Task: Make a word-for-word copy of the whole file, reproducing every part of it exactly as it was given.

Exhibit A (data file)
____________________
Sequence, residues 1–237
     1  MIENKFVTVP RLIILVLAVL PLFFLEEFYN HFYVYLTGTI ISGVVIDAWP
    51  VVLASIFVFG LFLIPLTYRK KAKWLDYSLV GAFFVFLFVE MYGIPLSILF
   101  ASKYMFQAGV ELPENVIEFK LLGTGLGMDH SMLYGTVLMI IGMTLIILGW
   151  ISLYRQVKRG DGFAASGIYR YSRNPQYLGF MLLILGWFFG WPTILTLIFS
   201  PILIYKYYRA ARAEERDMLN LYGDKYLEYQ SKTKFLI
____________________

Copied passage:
Sequence, residues 1–237
     1  MIENKFVTVP RLIILVLAVL PLFFLEEFYN HFYVYLTGTI ISGVVIDAWP
    51  VVLASIFVFG LFLIPLTYRK KAKWLDYSLV GAFFVFLFVE MYGIPLSILF
   101  ASKYMFQAGV ELPENVIEFK LLGTGLGMDH SMLYGTVLMI IGMTLIILGW
   151  ISLYRQVKRG DGFAASGIYR YSRNPQYLGF MLLILGWFFG WPTILTLIFS
   201  PILIYKYYRA ARAEERDMLN LYGDKYLEYQ SKTKFLI